Irrigation Water Treatment and Reuse

With the increasing water struggles facing growers these days, it is no wonder we see a rise in the demand for water reclamation, treatment, and reuse. Traditional growing practices include drip irrigation, flood irrigation, and overhead sprinkler irrigation for crops planted directly in the soil. The drain water from these irrigation events is often unseen as it leaches through the soil profile back into the underground water source. Regulatory pressure will eventually demand that this drain water is limited, tested, and proven safe for reentry into the water supply. This opens the eyes to many growers to alternative growing practices such as outdoor soilless substrate farms, greenhouse growing, and indoor vertical farms.

With these alternative growing practices, the drain water is more visible and calculable. We can determine precise drain amounts via sensors, calculations and timing, and advanced cultural techniques. However, this drain water must now be collected and disposed of in some manner. Nitrate removal systems are now available to allow growers the potential for a safe discharge. Some urban indoor farms are even paying trucking services to remove water from their facilities. But the obvious question is, why can’t we reuse this water?

Irrigation drain water from soilless farms has the potential for bacterial growth and other potentially harmful organisms that we would not want to introduce into the system. However, the water is nutrient-rich and can provide benefits to the crops and the fertilizer budget for many growers. The solution for these challenges is not easy and is one of the most significant objections we find when providing drain water treatment solutions. But for many growers this will be a must-have addition.

Chemical treatment options using hydrogen peroxide, peracetic acid, and others are very popular and familiar to many growers who often use these chemicals in other aspects of the farm. However, with any chemical treatment, the dangers of chemicals, and the added cost, the systems are relatively simple and cost-effective.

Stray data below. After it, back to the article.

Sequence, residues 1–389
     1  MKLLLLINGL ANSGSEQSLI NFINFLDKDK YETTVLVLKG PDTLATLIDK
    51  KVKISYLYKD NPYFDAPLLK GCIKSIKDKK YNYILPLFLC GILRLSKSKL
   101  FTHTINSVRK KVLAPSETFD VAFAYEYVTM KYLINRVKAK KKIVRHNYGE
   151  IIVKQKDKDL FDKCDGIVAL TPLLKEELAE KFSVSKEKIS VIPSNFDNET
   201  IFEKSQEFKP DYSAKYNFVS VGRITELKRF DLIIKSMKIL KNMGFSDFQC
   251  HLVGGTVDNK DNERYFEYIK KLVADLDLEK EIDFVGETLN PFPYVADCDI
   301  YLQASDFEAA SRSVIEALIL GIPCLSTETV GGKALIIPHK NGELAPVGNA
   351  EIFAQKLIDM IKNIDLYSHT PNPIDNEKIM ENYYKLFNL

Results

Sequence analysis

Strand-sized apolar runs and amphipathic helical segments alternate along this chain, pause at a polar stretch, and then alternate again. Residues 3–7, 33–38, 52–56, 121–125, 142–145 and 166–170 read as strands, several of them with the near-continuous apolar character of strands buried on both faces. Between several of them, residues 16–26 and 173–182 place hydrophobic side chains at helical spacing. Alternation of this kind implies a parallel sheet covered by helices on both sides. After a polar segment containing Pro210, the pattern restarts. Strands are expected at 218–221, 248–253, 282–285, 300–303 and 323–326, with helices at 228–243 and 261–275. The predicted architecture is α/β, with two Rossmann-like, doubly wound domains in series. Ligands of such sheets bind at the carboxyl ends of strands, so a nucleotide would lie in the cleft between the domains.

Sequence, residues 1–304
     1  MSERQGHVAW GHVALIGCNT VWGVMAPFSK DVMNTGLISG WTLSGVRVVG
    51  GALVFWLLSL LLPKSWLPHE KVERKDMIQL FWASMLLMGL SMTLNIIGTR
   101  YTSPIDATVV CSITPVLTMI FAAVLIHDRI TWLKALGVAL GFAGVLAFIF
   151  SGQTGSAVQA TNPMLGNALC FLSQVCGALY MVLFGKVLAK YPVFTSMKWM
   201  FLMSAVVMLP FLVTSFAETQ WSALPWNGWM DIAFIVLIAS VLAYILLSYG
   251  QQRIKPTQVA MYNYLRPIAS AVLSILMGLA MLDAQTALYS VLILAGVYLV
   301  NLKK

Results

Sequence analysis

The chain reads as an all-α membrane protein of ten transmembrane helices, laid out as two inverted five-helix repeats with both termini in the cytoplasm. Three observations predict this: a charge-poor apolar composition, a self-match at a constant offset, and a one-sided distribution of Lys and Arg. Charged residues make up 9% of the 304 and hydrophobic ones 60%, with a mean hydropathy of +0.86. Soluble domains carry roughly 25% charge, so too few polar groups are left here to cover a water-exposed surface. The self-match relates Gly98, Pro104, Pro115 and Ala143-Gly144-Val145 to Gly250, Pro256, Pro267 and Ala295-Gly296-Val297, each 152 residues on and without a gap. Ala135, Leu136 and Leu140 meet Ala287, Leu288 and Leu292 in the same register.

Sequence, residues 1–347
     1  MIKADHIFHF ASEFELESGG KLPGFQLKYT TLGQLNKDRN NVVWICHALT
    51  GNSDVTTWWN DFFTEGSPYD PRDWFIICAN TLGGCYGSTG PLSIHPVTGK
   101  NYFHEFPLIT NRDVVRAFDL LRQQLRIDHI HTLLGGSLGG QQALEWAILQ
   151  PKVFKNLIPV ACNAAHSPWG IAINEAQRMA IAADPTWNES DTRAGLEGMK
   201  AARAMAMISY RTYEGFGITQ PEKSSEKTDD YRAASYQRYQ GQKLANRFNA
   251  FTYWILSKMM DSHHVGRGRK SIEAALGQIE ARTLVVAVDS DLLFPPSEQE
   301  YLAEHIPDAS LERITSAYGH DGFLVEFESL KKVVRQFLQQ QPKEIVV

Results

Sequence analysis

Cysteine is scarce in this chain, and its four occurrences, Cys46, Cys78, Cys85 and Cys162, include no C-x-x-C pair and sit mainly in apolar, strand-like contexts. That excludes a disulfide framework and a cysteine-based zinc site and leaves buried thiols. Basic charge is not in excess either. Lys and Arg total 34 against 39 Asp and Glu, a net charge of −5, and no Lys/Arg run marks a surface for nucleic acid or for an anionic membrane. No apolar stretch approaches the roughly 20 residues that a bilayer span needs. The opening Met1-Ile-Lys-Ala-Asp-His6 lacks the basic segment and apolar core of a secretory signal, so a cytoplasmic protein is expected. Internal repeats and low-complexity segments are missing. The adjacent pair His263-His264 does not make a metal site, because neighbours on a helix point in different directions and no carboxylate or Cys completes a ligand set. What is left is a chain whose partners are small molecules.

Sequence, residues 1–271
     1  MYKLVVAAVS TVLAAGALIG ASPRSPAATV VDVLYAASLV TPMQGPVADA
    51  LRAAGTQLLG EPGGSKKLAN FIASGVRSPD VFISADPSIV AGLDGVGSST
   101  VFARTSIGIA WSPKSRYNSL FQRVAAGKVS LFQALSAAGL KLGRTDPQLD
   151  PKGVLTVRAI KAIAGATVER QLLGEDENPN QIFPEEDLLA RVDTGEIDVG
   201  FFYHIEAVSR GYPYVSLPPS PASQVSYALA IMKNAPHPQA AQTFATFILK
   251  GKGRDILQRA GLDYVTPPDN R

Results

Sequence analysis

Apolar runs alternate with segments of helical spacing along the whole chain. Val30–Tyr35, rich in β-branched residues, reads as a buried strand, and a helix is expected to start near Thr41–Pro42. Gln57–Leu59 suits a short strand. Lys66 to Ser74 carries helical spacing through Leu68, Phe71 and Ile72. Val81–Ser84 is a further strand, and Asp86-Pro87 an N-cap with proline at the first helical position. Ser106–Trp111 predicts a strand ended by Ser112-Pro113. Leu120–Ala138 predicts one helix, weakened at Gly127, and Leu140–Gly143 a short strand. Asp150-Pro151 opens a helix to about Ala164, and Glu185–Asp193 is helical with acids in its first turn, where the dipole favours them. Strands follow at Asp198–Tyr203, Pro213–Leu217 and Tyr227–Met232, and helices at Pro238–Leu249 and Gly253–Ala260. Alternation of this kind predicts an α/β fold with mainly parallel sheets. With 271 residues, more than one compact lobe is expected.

Ultra-Filtration is where water is pumped through a membrane, and suspended solids, pathogens, parasites, and fungi cannot pass, leaving clean, permeate water behind. These are popular in indoor cannabis farms and greenhouses. They are new to the agriculture space and require discharge water from the filtration process that is chemically treated. However, they show promise for indoor and smaller farms.

Reverse Osmosis also uses a pressurized system through prefilters and membranes to completely rid the water of sediment and dissolved solids. The concentrate must be dealt with, and all the nutrients are removed from the water, but the process can be very effective. Several companies offer these types of systems, and they can be scaled to large farming operations.

Ultraviolet or UV sterilization systems use UV-C light to destroy pathogens like fungi, bacteria, and viruses. These systems have a fine filtration requirement to ensure that pathogens cannot “hide” behind any solids and require a pre-chemical treatment. These are highly effective systems and scalable to large farms.

With all these system types, and these are just a few of many, growers have options for the treatment of irrigation drain water for reuse and blending. We have even seen a combination of several of these systems and others used together for water treatment. The availability and regulation of water use forces growers to think outside the standard toolbox regarding their irrigation systems. The importance of staying ahead of the curve is more evident now than ever.

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